Injunction: Supreme Court set to reveal on Thursday whether threesome celebrity can be named

UK Supreme Court

A celebrity battling to stop a tabloid newspaper naming him in a story about his alleged extra-marital activities will find out this week if he is to remain anonymous.

The man, referred to as PJS, is challenging a Court of Appeal decision that an order barring The Sun on Sunday from naming him should be lifted.

The weekly publication, part of News Group Newspapers, successfully argued that the injunction imposed by the celebrity should be lifted after he was named in articles abroad and on the internet.

However the matter was taken to the Supreme Court, the UK’s highest court, with the injunction remaining in place. Five Supreme Court justices will announce their decision in the case on Thursday.

During April’s hearing, PJS’s counsel, Desmond Browne QC, said discharging the injunction would have “devastating consequences” for him and his children and lead to a “storm of harassment”.

He said there was a need to protect the children and that it was an issue not just now but for the future when they grew up, adding it was hard to see that the Court of Appeal had afforded the children “the primacy of importance” to which they were entitled.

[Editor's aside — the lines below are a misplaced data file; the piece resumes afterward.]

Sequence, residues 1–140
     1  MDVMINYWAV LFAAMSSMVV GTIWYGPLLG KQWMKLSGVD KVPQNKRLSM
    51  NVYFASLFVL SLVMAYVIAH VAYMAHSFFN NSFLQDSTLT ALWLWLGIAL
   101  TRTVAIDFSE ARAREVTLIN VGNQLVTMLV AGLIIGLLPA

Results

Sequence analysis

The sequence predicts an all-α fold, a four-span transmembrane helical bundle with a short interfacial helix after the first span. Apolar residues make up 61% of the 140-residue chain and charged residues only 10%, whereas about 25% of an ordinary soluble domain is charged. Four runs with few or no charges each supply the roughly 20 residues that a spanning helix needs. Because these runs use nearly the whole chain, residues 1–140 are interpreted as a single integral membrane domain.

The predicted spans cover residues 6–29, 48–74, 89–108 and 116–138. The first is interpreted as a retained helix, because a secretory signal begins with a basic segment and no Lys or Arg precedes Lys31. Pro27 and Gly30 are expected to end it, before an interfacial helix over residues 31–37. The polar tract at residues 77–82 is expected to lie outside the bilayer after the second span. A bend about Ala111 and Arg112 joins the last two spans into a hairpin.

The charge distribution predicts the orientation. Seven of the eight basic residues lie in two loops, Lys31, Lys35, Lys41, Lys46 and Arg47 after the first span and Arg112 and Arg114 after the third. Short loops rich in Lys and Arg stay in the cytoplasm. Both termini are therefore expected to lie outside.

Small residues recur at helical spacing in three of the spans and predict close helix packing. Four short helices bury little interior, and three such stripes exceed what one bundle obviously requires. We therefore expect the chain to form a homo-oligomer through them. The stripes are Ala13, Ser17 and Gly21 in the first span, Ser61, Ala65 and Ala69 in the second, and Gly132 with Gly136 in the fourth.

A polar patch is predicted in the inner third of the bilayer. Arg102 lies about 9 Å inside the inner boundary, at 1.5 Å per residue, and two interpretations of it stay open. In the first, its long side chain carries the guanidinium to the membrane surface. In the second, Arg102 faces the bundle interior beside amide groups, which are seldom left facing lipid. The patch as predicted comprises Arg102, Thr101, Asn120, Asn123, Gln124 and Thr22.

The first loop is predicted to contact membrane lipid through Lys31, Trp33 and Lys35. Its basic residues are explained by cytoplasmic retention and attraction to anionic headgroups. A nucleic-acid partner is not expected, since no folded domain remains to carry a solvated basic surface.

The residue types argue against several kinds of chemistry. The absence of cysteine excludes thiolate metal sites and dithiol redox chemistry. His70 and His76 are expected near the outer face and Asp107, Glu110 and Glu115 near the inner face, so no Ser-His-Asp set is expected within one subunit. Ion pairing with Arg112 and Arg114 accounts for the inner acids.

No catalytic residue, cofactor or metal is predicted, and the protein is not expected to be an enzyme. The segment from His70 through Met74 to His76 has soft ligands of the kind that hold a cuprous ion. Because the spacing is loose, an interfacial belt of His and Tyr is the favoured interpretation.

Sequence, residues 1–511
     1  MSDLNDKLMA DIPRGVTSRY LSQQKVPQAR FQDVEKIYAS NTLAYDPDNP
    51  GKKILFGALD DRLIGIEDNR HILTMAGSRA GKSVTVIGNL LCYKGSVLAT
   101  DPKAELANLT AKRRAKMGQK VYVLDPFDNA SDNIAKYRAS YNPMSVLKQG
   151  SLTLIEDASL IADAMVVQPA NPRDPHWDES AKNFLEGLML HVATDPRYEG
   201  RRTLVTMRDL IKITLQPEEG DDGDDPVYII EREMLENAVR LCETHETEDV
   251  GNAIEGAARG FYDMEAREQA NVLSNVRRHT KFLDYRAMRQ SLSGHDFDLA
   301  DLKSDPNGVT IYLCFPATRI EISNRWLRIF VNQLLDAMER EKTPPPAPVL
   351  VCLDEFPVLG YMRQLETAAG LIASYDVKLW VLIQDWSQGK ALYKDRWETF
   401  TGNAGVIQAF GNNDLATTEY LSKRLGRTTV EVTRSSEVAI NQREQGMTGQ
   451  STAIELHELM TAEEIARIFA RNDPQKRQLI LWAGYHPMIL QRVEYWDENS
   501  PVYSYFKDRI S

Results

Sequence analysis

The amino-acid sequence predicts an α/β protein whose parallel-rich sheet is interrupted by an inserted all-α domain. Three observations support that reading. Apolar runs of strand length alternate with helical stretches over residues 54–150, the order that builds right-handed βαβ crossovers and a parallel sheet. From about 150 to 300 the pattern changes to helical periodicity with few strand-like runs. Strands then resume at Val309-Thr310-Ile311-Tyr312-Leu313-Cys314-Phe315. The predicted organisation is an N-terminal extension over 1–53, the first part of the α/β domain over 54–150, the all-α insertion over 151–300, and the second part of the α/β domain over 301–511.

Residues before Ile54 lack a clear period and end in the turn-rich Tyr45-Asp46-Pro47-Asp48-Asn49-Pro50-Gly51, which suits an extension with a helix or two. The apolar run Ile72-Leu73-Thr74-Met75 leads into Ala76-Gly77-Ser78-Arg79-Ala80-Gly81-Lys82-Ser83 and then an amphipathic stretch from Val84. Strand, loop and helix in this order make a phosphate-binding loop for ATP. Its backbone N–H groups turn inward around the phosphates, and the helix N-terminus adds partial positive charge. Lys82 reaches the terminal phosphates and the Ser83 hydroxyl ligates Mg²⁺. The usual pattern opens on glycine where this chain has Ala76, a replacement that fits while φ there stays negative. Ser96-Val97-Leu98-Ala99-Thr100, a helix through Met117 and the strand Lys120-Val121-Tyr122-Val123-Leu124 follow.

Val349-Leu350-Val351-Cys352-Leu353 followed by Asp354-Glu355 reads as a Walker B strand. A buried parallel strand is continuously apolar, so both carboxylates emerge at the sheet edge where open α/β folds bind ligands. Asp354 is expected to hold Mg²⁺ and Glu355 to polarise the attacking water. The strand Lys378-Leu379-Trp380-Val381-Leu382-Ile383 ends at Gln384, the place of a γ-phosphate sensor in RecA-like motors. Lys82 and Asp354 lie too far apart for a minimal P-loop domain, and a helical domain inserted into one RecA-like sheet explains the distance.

He said the English media had embarked on a campaign to ridicule the granting of the injunction with the twin aims of encouraging their readers to find the prohibited information online and put pressure on the court to lift the injunction.

The justices needed to consider the practical ramifications of the Court of Appeal’s findings and “whether they are acceptable in a country under the rule of law rather than the press”.

Gavin Millar, QC for NGN, said the position had changed from January when no information about the matter was available to the public.

He said since it “took off” on the internet on 6 April, all the English mainstream media had reported the story and its dissemination was not something a court could prevent.

He added it was unlikely, given the information available to the public, that a permanent injunction would be obtained at trial – when NGN would argue that aspects of the story were in the public interest.

The Court of Appeal has said the interests of the children were not a trump card in this situation but that it was a case about balancing rights.

The information was out there on the internet to be seen. That might not be desirable but it was the factual position, he said.

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